VIENNA (Reuters) - Austria’s foreign ministry has recalled an employee of its embassy in Israel after an Austrian weekly said he posted a picture of himself on social media wearing a T-shirt bearing the name of a Nazi tank division.
The Falter weekly published a screenshot of the attache’s Facebook page which shows him in a green shirt with the words “stand your ground” and “Frundsberg”. Frundsberg was a German Waffen SS armored division during World War Two.
The attache, Juergen-Michael Kleppich, is a member of the far-right Freedom Party, which is a junior partner in Austria’s coalition government. He was sent to Tel Aviv in December to help out at the embassy for a few months, Foreign Minister Karin Kneissl told radio station ORF on Wednesday.
Kleppich was summoned to Vienna to “clarify all circumstances” of the case, said Kneissl. It was not immediately clear whether he would be allowed to resume his post in due course.
The incident is the latest in a series of embarrassments for the anti-immigrant FPO, which in December joined Austria’s national government for the first time in more than a decade, and has been trying for years to shed any Nazi associations.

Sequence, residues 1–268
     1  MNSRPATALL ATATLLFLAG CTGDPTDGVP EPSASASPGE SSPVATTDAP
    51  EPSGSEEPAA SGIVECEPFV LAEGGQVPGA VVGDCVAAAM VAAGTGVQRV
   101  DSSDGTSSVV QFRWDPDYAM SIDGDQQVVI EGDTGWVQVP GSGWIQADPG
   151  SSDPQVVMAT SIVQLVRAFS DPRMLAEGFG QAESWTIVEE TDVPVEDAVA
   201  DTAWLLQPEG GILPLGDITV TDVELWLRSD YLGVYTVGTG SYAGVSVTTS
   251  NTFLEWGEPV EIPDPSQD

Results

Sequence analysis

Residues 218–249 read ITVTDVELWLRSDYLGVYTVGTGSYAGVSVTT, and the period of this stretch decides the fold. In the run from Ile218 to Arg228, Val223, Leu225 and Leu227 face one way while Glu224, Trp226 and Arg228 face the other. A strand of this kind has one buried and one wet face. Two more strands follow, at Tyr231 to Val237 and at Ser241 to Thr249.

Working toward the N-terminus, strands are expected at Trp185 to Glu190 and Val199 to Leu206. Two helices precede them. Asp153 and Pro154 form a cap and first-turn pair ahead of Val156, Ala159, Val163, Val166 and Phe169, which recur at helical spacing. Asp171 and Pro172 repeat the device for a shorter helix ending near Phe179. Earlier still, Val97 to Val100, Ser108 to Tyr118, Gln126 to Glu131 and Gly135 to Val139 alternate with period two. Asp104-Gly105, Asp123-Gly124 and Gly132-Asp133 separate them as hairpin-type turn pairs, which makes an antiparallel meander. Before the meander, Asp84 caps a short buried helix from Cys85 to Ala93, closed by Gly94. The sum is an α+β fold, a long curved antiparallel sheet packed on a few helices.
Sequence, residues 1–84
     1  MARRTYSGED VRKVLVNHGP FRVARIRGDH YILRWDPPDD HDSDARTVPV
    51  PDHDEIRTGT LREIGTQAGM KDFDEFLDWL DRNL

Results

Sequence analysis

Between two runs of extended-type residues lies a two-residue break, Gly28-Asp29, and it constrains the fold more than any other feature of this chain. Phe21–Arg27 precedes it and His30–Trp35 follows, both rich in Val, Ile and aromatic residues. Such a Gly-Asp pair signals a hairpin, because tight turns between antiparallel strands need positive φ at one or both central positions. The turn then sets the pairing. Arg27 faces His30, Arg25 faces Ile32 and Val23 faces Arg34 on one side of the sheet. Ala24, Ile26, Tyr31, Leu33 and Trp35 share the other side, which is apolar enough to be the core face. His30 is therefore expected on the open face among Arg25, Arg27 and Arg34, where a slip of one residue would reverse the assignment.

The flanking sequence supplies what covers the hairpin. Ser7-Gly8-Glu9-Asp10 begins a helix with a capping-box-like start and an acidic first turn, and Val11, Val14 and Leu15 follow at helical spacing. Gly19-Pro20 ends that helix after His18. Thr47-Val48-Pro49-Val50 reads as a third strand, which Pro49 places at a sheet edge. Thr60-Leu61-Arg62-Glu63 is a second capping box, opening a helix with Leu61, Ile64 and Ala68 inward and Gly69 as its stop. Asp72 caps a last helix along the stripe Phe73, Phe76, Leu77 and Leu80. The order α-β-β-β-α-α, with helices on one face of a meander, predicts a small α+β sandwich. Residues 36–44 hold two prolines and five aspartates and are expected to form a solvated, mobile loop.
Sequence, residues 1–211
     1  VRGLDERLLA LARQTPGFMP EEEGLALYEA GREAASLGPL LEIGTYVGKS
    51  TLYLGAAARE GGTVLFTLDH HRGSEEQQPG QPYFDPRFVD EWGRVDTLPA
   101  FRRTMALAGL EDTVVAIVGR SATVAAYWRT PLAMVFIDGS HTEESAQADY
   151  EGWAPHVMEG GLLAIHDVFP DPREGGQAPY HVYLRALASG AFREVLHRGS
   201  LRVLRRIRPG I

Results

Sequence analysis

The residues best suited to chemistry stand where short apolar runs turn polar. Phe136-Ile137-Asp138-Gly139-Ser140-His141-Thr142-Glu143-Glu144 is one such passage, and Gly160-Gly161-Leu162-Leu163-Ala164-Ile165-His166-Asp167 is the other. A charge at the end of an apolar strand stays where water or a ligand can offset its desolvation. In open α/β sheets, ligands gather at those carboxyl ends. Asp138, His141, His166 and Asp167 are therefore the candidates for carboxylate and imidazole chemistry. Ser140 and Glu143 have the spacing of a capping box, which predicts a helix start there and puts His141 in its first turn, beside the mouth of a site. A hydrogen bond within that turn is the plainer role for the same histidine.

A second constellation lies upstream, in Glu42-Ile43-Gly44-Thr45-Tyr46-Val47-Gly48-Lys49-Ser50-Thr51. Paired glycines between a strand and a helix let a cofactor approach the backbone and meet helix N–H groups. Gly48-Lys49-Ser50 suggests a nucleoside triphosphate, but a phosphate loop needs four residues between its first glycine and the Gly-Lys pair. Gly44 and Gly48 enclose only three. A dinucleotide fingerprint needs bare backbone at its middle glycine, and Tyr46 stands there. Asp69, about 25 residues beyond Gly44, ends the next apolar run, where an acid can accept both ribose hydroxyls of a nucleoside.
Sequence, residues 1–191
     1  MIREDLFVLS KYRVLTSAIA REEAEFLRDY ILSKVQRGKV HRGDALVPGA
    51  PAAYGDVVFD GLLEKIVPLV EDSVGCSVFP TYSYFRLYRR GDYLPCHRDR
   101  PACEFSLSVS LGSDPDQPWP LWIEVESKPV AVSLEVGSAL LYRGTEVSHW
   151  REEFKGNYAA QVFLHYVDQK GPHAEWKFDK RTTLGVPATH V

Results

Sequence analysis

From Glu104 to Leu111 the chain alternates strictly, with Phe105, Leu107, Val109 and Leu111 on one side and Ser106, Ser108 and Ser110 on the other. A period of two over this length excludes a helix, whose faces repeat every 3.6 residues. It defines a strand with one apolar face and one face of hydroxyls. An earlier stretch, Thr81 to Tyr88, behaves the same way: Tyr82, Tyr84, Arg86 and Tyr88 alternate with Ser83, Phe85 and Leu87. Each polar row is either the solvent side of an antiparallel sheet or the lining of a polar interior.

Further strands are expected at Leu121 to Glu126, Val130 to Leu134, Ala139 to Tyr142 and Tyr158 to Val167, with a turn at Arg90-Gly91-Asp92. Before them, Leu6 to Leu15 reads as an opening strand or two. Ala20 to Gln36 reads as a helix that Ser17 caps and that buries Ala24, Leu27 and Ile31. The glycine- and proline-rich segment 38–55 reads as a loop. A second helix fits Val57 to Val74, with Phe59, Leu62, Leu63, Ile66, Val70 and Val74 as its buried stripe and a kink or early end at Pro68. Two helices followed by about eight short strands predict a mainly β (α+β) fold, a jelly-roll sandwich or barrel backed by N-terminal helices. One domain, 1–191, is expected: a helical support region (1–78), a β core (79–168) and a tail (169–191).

The party was founded by former SS officers in the 1950s but says it has left its past behind and has regularly expelled officials in recent years over alleged Nazi links.
A high-ranking local party official, who helped lead a far-right fraternity which distributed a songbook that joked about killing Jews, resigned under pressure in February, and a close staff member of Austria’s FPO transport minister got involved in another anti-Semitism scandal shortly afterwards.
Kneissl said she would consult her ministry’s human resources department on Kleppich.
“If there is a disciplinary cause, a disciplinary procedure will be initiated,” she said.
Israel has said it will not do business with FPO ministers, only with the “operational echelons” of government departments headed by an FPO minister.
The FPO controls the foreign, interior and defense ministries. The FPO nominated Kneissl for the post of foreign minister, though she is not officially a member of the party.
Interior Minister Herbert Kickl, an FPO member, is expected to be questioned in a parliamentary inquiry about police raids targeting Austria’s BVT domestic intelligence agency, which investigates far-right activities. Opposition parties have accused Kickl of aiming to gather intelligence on far-right groups and to sideline political opponents.
Reporting by Kirsti Knolle; Editing by Gareth Jones
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